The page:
Hum-Drum (1986)

My friend Marlene Marder died Sunday in Zurich after a three-year struggle with cancer. She had a great sense of humor. That went into her music. But when you listen to “Eisiger Wind” you hear fierceness first of all, and when you listen to “Split,” it’s the death of shame. As she said four years ago, if punk taught her anything, it was that “anything is possible.” She lived an honest life.
– GM, May 18, 2016

At least once a month, sometimes once a week, when I tune in to the local college radio station, I hear a sound that makes me stop, turn around, think twice. What’s that?

Whistles, yelps, squeaks, shouts, a rhythm that moves like a fall down a flight of stairs; every time, it’s Liliput (or Kleenex, the band’s name before the company made them change it). It’s “Ain’t You” or “Heidis Head” from their first single, made in 1978; “You (friendly side)” or “U (angry side),” a 1979 single; “Split” from 1980; the apocalyptic “Eisiger Wind” from 1981. The band is gone, and this music is five, six, almost ten years old; it sounds as if it were being made tomorrow. I know these songs, each time they come on I try to remember what comes next, what words, what noise, and I never can. The tumbling “woo woo woo woo!” in “Split” is always a shock, the “eee­eee!” in “Heidis Head” an ambush; the tear through “Eisiger Wind” is always too fast for memory. Each time, in these records, there is a surprise—and that sense of surprise always lasts as long as any of the records. It doesn’t matter what’s being played before or after, if it’s Little Richard or Frank Si­natra: the band escapes whatever context the radio might make for it.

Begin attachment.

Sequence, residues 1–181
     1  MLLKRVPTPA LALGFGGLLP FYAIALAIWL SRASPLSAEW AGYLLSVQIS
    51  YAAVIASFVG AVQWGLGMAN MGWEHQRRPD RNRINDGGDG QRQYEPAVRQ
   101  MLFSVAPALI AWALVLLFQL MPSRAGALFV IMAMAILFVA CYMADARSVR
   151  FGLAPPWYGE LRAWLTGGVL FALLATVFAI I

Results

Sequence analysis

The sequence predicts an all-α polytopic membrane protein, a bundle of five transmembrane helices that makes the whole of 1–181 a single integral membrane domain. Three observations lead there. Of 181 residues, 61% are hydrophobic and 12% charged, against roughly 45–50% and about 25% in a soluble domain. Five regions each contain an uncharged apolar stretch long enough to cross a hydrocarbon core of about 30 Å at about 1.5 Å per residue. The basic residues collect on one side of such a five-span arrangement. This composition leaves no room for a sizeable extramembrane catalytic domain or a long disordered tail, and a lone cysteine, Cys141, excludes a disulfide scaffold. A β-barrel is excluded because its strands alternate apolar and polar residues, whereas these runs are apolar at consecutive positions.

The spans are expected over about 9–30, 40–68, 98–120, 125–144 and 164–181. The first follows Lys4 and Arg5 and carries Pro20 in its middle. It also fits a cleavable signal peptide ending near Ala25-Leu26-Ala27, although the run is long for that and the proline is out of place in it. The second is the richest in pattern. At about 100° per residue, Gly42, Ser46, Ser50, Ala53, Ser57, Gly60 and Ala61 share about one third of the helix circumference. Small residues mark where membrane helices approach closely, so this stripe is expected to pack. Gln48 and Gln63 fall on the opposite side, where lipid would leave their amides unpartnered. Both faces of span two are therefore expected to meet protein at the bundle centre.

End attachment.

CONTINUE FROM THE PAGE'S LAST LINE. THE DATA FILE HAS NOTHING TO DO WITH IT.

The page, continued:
Kleenex/Liliput was from the beginning an all-female punk group (later, a male or two briefly came and went): if the Sex Pistols could do it, guitarist Marlene Marder said, saying the same thing so many people said after 1976, so could we. Do what? Let’s find out. Listening to the records, you can hear echoes of the first London female punks: the Slits, Poly Styrene and Lora Logic of X-ray Spex, and Marder’s favorite, Siouxsie of the Banshees (Marder still has her fan club card). But while those performers opened up the free street Kleenex/Liliput would make on their own, they soon abandoned it. Sooner or later, usually sooner, those performers lost their nerve. The group Marder and bassist Klau Schiff (who is also the painter Klaudia Schifferle) founded with vocalist Regula Sing and drummer Lislot Ha (Sing would leave after “You”/”U,” Ha af­ter “Split”) was the only female punk band—maybe the only punk band of any description, save for the Sex Pistols—to grow more extreme as they continued their quest to find out what it was they wanted to play. Chrigel Freund replaced Sing, Astrid Spirit replaced Freund, drummers and saxophonists arrived and departed, but the essence of the band, the thrill it wanted to discover and communicate—its idea—never changed.The music was first of all fun: funny, with a buried edge of rage, an impulse that first shaped a song with “U” and roared to the surface with “Eisiger Wind.” Kleenex/Liliput played with the possibilities of freedom; they practiced freedom as play. From one point of view, each of their singles can sound like a manifesto; from another, like a mud fight. These people were interested in noises they had never heard on record before, interested in words without apparent meaning, phonemes, holes in the language: they sang as if they were making up language from the beginning. You can imagine that every time they went into the studio, they asked one question: if we can say anything, what do we want to say? How about “Whh­hyyyrrr”? If not that, perhaps “Wheeep”? The songs were about autonomy and pleasure, verbal nonsense and emotional facts, comradeship and isolation, resentment and pleasure, avoiding rape and getting drunk, city streets and feminist pride: fragments of everyday life thrown together with determination and abandon. There is no analogue for this music in the records of any other pop group. To find a real match for its spirit you have to go back to the Berlin dada collages of Han­nah Hoch: from 1918 through the twenties she cut women’s heads and bodies out of newspapers and magazines, cut them up again, pasted them together as grotesques, and somehow put a twinkle in the eyes of every strange face. You can hear it happen in “Heidis Head.”On their singles, Kleenex/Liliput almost always sing in English (on their albums, Liliput and Some Songs, they used French, primitive Chinese, imaginary languages, but almost never their own language, Swiss-German). Klau Schiff, who wrote many of the words, knew English, but she knew it the way the band knew how to play their instruments—she discovered how to write English as she wrote it, just as the band discovered how to play as they played. In the music, a bassist’s mistake can turn into a new theme; Schiffs uncertainty with English syntax might lead to wordplay for its own sake, trip her off the main road of her song and into an alleyway. In “Split,” the lyrics are both random and a strict game: “Hotch­potch, Hugger-mugger, Bow-wow, Hara-kiri, Huz-za, Hicc­up, Hum-drum, Hexa-pood, Hell-cat, Helter-skelter, Hop­scotch—Yesterday was a party! Yesterday the drinks were strong!”